From Jeremy’s Pen

 

November 12, 2017

The Great and Glorious God

If we were to take a long, hard, honest look at our lives there would be a few characteristics that define each of us; that we all share; and that bind us together as the human race. First of all, no matter how much time, energy, and care we put into our physical bodies; we will not live forever. The Bible says in Job 14: 1-2, “Man who is born of woman is of few days and full of trouble. He comes forth like a flower and fades away; he flees like a shadow and does not continue. “Furthermore, the human body was not created to be eternal, but to simply be the vehicle in which our eternal souls are housed. Paul understood this concept and wrote in1 Corinthians 15:50, “Now this I say, brethren, that flesh and blood cannot inherit the kingdom of God; nor does corruption inherit incorruption.” And while we may live to see 1 00+ years, it is still considered a vapor in comparison to eternity. The Bible declares in James 4:13-14, “Come now, you who say, ‘Today or tomorrow we will go to such and such a city, spend a year there, buy and sell, and make a profit’; whereas you do not know what will happen tomorrow. For what is your life? It is even a vapor that appears for a little time and then vanishes away.” If there is one concept that is made increasingly clear in Scripture it is that you and I have a limited amount of time on this earth; and that it must not be taken for granted.

Secondly, no matter how much time, energy, and care we put into our physical bodies, they will grow weary, age, and deteriorate. Even the most fit, athletic, and energetic people need rest, sleep, and sustenance after a long day. Everyone has bouts of illness with which they must contend; or parts of our anatomy that do not function properly. Furthermore, no matter your age, ability, or health we must all come face to face with death. The Bible says in Hebrews 9:27, “And as it is appointed for men to die once, but after this the judgment…” The term “appointed,” used here denotes that which is reserved for and awaiting all of mankind. Thus, death is not something that can be avoided. In conjunction with death, this passage also teaches that judgment comes for all who die. It too is an appointment we all must keep. The Bible says in 2 Corinthians 5:9-10, “Therefore we make it our aim, whether present or absent, to be well pleasing to Him. For we must all appear before the judgment seat of Christ, that each one may receive the things done in the body, according to what he has done, whether good or bad.” Paul’s concession to the church in Corinth was to live their lives in a way that is pleasing to God and in accordance to His will, making preparation to stand before the Lord God in judgment. Whether in life or death, our only aim is to be pleasing to Him. Yet, this command was not given to the church in Corinth alone, as if we escape its grasp. The Bible teaches that it is an appointment we all must keep. Therefore, not only do you and I have a limited amount of time on this earth; every person must face death and the impending judgment to follow.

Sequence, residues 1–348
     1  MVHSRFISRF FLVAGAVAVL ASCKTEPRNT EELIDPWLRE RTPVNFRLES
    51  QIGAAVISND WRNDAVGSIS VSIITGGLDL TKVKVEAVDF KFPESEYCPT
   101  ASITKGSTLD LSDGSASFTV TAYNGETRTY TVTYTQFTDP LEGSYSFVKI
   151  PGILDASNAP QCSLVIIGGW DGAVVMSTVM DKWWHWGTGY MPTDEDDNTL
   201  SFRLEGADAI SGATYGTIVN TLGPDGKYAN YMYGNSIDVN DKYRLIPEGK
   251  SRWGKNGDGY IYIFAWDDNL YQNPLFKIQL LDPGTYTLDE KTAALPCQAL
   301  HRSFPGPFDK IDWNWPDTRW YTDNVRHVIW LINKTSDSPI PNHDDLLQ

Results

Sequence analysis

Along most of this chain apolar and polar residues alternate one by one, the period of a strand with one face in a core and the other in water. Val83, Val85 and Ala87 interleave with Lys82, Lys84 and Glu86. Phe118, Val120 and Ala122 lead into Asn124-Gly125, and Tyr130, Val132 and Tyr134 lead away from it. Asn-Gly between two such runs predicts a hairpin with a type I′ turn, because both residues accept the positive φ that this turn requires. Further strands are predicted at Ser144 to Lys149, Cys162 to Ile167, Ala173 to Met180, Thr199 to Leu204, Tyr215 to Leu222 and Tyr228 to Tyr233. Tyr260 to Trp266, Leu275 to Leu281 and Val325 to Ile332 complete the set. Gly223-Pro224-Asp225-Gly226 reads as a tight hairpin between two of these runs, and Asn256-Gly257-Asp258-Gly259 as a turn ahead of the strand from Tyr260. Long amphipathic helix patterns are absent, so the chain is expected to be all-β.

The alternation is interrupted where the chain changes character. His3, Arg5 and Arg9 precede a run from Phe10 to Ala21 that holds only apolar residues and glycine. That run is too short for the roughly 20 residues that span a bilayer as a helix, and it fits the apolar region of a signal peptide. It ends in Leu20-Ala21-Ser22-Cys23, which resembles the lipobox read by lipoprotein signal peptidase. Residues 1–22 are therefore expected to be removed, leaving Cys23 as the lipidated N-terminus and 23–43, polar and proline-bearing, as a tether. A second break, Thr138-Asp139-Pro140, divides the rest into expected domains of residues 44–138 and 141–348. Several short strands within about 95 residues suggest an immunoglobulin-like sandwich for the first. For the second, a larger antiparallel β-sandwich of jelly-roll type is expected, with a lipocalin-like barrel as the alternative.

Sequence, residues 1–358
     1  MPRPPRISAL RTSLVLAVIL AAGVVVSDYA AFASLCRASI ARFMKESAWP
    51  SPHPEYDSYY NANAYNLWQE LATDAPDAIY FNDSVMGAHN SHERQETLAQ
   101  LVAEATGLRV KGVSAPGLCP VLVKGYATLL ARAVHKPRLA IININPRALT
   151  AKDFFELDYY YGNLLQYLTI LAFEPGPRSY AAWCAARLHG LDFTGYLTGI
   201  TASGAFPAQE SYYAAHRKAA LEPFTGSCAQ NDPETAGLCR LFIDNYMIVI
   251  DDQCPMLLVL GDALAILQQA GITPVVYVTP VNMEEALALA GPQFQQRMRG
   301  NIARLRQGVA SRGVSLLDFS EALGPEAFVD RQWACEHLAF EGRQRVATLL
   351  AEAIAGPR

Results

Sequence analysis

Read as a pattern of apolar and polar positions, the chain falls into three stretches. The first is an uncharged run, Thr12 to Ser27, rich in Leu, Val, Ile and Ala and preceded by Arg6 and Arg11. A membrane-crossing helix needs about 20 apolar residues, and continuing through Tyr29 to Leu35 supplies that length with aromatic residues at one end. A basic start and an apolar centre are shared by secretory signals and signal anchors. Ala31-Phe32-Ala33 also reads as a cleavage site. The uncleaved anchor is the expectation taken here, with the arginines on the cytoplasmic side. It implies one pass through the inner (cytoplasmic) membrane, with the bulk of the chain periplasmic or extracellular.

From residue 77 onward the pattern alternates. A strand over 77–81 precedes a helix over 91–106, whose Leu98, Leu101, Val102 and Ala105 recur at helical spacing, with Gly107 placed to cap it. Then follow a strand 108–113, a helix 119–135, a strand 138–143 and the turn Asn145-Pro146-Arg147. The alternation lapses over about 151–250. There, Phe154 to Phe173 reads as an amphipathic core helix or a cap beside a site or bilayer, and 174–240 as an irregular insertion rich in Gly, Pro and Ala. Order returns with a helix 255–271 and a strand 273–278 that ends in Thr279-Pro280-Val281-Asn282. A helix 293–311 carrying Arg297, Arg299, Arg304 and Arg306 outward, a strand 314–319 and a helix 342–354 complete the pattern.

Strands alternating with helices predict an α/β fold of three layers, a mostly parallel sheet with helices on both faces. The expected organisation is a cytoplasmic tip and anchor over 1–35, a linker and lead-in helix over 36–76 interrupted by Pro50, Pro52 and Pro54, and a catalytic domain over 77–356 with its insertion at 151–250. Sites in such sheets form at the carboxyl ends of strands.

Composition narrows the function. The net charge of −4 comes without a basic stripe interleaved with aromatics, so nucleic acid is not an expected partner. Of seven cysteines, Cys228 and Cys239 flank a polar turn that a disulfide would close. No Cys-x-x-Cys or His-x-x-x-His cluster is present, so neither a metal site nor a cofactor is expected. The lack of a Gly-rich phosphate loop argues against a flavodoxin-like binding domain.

In the third place, no matter how many degrees you have earned; how many hours devoted to study; and the amount of knowledge you possess, you will never know and understand everything. In light of that truth, the Bible teaches us that we should strive to continually be students of God’s word. The Bible says in Colossians 1:9-10, “For this reason we also, since the day we heard it, do not cease to pray for you, and to ask that you may be filled with the knowledge of His will in all wisdom and spiritual understanding; that you may walk worthy of the Lord, fully pleasing Him, being fruitful in every good work and increasing in the knowledge of God … “According to verse 9, Paul’s prayer for the Colossian church was that they may be filled with the knowledge of God’s will; to understand what God commands; and to be wise in carrying it out. Thus, Paul understood something we must. We don’t know everything. There is always room to grow in our knowledge of God’s will.

Because of these concepts, we conclude thus: The glory of God can be understood in and by our own limitations. Notice what the Bible says in Isaiah 40:28, “Have you not known? Have you not heard? The everlasting God, the Lord, the Creator of the ends of the earth, neither faints nor is weary. His understanding is unsearchable.” Where we are bound by limitations to our time on earth, our energy, and our understanding; God is not. He is omnipresent. By nature, He is eternal and transcends time. He is omnipotent. His power cannot be fathomed. He is omniscient. He knows all and sees all. He is the source of all knowledge, for He is the truth. Where we may falter, He cannot. He can do exceedingly, abundantly above all that we ask or think. He is the God of much more than we are or could ever accomplish. Therefore, He is worthy of our worship, our adoration, and praise. He is the One to whom we surrender our lives in submissive service, making it our aim to be pleasing to Him. Let us then humble ourselves before the great and glorious God; because at the end of this life, we are answerable to Him and Him alone.

By Jeremy Tucker